Chapter 14: Commentary

Chapter 14 is a continuation of the second collection of Proverbs (10:1-24:34) attributed to Solomon. It consists of single verse wise sayings of typical Hebrew poetry, somewhat similar to the wise sayings with which we grew up. The "fool" and "folly" together represent a reoccurring theme in this chapter.

14:1 The wise woman builds her house, but with her own hands the foolish one tears hers down.

     We met these two women before (chapter 9). Both are understood as wives and mothers living in a typical ancient Israelite house with a typical ancient Israelite family.
      Wives and mothers have always been key to providing good things in the home for their families. The wise woman provides a special and safe house for her family. The foolish woman – by her attitudes and actions – actually does things which tear down and destroy both her family and their home.
      Of course, foolish women don't have to be that way. It is not a lack of intellect, but a matter of choices. While the verse doesn't even mention God, in the end, He does make the difference. Our definition of wisdom is "seeing life from God's point of view" and fools says in their hearts "there is no God" (Ps 14:1).
      Every day, both women have to make the decision to connect with God and receive His empowerment or to simply do it their own way. The wise woman has learned to do it long enough that it has become a way of life – and her family is the beneficiary.

14:2 Whoever fears the Lord walks uprightly, but those who despise him are devious in their ways.

     This verse contrasts two different kinds of people: those who "fears the LORD" and those "who despise" the LORD.
      "Whoever fears the LORD" are those whose attitude and actions are in concert with God's plan for them. Consequently, he or she is a person that "walks uprightly."
      The idea of being afraid of God and reverential awe of Him are both understood by "fears the LORD." But, at its core, this phrase is all about the ability to see God as He really is.
      If I understand who he really is, I will be afraid and in awe! But, to fear Him is to really know Him - know His righteousness, love and power. To fear God is to see and know Him in all His greatness!
      But there are still those who are "devious in their ways." The idea here is one who's turned aside or departed - even ceased - from the right path.
      This is simply a person who has lost his or her way. Or, maybe worse, one who's chosen to turn away from God's plan for their life.
      How I understand God is going to impact how I act. This will make a difference about how I live now and for eternity!
      I'm going to have to make some choices...they'll come one day at a time.

14:3 A fool's talk brings a rod to his back, but the lips of the wise protect them.

     This verse reminds us of the power and impact of words. A fool can't help but talk – and keep talking – until it gets him in trouble and costs him.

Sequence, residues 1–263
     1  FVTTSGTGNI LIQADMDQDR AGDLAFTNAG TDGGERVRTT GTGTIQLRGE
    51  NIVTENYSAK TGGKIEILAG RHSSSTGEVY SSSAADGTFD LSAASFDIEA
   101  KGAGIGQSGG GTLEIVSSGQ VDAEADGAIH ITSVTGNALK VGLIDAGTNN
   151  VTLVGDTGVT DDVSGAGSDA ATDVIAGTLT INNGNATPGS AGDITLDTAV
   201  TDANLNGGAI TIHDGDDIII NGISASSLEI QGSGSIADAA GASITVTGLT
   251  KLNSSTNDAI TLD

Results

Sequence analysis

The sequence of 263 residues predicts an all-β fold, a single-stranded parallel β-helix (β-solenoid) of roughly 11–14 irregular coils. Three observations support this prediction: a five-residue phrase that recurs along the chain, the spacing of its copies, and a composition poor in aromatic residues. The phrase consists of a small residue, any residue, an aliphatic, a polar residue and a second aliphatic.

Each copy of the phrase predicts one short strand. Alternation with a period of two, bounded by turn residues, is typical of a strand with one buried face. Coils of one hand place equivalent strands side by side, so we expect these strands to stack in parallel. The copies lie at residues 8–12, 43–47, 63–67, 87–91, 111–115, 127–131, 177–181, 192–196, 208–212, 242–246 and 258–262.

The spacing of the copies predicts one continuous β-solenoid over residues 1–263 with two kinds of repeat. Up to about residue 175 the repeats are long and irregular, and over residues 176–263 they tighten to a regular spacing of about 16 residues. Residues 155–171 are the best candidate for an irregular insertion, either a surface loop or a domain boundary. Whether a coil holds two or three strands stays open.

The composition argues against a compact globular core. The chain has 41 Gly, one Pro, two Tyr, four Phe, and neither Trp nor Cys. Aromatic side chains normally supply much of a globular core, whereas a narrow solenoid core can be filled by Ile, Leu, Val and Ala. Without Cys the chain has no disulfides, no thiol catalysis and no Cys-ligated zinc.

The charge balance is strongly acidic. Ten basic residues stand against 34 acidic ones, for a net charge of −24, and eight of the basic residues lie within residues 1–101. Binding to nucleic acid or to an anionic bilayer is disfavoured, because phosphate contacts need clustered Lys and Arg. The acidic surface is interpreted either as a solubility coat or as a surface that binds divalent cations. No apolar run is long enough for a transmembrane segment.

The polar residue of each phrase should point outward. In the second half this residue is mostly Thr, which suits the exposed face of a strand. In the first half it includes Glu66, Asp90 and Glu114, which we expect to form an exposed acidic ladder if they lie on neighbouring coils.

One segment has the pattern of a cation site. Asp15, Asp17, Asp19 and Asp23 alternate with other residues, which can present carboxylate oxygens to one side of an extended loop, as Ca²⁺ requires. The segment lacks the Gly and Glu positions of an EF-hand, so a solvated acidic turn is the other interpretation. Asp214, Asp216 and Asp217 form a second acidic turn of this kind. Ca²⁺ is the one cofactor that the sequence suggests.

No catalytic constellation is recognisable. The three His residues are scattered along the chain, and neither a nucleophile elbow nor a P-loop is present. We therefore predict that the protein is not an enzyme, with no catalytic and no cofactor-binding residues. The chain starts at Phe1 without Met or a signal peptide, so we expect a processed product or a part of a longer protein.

When discussing this verse in class, I like to ask if anyone's words have ever directly led to their being beat up, shot or stabbed? Many hands go up. Arrested? Even more hands. Lost a job? Still more. Ruined a good relationship? Almost everyone! We all know our words are powerful – and can be dangerous to our own good health!
      But the rest of the verse also says a wise man's words can protect him. Wisdom is the ability to see life from God's point of view and helps us be in the right place at the right time, as well as say appropriate things (and not say stupid stuff!) at the right time. The wise man's words set him up to be safe.
      Wisdom provides good and right words even in the most difficult situations. This is God's promise to a man (or woman) of wisdom.

14:4 Where there are no oxen (cattle), the manger is empty, but from the strength of an ox comes an abundant harvest.

     Oxen are a lot of work and create a lot of mess – so if I don't have any oxen, I don't have to keep their feeding trough (manger) filled with food. But, without an ox, I can't expect to till much land or bring in much of a harvest.
      That would have made life extremely difficult for me and my family in ancient Israel. By Solomon's time, the typical Israelite farmer may not yet been able to own their own ox – but their extended family could probably share one.
      This proverb isn't much different than the modern wise saying, "you have to spend money to make money." It costs something – in money and mess – to have an ox or two, but they give you the opportunity to produce so much more then you ever could have done without them.
      Life can get messy, but family, ministry and caring for others is worth it. Alfred Tennyson was right when he wrote, "Tis better to have loved and lost than never to have loved at all." It's worth the effort.

14:6 The mocker seeks wisdom and finds none, but knowledge comes easily to the discerning.

     As typical Hebrew poetic parallelism, this verse discusses two different characters - "the mocker" and "the discerning." Both are connected to good things in this wise saying - "wisdom" and "knowledge" - and their own character determines how well that works out for each one.
      The "mocker" is one who verbally disrespects others, possibly because he or she sees themselves as smarter. Here, the mocker "seeks wisdom" - a good thing - but "finds none."